Monday, July 23, 2007

Exploits of A Reluctant Hero


Fergus, Maureen. 2007. Exploits of a Reluctant (But Extremely Goodlooking) Hero.

There were a few things I liked about this book. The main character wasn't one of them. It is told in first person narrative, and so if he is mentioned by name, I don't recall it...and I'm certainly not going to spend a lot of time searching the pages. The book is a series of his "taped" memoirs. The narrator gets in trouble constantly for his inappropriate behavior. And it is easy to see why. He is a typical "pig" of a thirteen year old boy on the verge of puberty. His interests are girlie magazines, fried chicken, and porn. He has a problem with authority figures. (Which shouldn't really come as a big surprise.)

The book is about how this boy "accidentally" becomes a hero for a week or so when he "accidentally" makes a stand about the local mission, the Holy Light Mission. His motivation? A cute girl. Yet somehow or other he ends up as one of the most visible supporters of keeping this soup kitchen open and funded. Will his half-hearted effort be successful? Will he finally learn something of value?

I enjoy some boy-books. For example, King Dork and The Astonishing Adventures of Fanboy and Goth Girl have their 'icky' boy moments where puberty is at work. But this book is just a little too much for me. Its humor is in all the wrong places--the bathroom. And for the most part this narrator is a complete jerk--to his parents, to his teachers, to his counselor, to his classmates. A glowing example of why junior high island should exist in the first place.

School Library Journal writes, "Fergus captures perfectly the voice of the unnamed 13-year-old narrator who is resolutely selfish and self-serving, prurient and rude, sarcastic and frequently indignant. With a penchant for girlie magazines and fried chicken, he is yearning for puberty and looking forward to Sex Ed class, since his father has not been much help in advising him."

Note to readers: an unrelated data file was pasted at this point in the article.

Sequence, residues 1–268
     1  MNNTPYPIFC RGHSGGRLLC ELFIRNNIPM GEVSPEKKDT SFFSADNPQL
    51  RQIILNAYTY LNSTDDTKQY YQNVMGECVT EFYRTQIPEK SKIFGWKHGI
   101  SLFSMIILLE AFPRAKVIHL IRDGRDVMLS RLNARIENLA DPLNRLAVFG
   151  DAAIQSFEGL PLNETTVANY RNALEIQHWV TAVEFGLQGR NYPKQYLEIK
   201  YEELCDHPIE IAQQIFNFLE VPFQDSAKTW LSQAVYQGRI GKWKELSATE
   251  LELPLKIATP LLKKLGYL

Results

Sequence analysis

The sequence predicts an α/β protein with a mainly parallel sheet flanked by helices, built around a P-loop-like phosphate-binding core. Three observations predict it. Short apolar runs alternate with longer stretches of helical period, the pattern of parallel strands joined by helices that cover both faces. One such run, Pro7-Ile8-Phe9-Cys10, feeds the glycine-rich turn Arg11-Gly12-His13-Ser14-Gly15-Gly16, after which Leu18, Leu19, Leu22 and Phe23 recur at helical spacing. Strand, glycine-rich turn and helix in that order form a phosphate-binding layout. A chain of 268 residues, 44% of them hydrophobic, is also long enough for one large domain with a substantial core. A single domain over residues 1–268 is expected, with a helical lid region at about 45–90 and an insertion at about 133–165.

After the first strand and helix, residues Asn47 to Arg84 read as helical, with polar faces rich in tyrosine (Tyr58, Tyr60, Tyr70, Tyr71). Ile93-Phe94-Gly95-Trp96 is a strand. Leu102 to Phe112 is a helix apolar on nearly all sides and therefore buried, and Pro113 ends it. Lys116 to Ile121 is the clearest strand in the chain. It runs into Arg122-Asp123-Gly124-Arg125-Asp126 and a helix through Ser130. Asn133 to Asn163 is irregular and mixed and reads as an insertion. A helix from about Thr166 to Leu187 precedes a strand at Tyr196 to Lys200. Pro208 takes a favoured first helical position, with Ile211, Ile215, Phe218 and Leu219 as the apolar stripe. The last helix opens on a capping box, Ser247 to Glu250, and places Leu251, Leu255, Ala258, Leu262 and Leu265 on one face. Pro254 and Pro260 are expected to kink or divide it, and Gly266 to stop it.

4 comments:

Jen Robinson 10:06 PM  

I didn't even get through this one, Becky (and hence, a la your other discussion, didn't review it). The narrator just annoyed me too much. I didn't care what happened to him. I can see him appealing to a certain audience, but I myself had other books that were a higher priority.

Becky 9:03 AM  

Jen:

So glad I'm not the only one that felt that way. I was reading all the Amazon reviews which are just glowing of course saying it was the funniest book in the entire world...and how it was just so wonderful.


Becky

Anonymous,  7:22 AM  

i dont know what your problem is i loved this book it was SO FUNNY

Corey,  6:46 PM  

In the book that I read, the series of events in it did not really follow the traditional rise to the climax and then a decline. Instead it basically decribes the more important stuff that the main character goes through from day to day. Some of the climaxing events that I found in the story was him moving to a new town, his mother catching him reading porn, and also getting caught for "accidentally" stealing money from a store. The last event caused him to have to work volenteerily for a kitchen for homeless people. But I really liked when his mother caught him reading porn because I thought that was really funny. Some of the literary devices that the author uses to help build up the character is some of the stuff he says. Like if he is getting made fun of or in a confrontation, he will think of something clever to say to put the opposing person in their place. An example of this is when he was in a arguement with a girl in his class. Since it is still middle school and the girls are still "underdeveloped", he said she should join "The Iddy Bitty Titty Commitee". That made me seriously laugh out loud and I will probably be inclined to use that putdown in the future.

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I am interested in reviewing books and audio books. This blog focuses on books written for middle grade on up (essentially 10 to a 110). I review middle grade fiction and young adult fiction (aka tween and teen).

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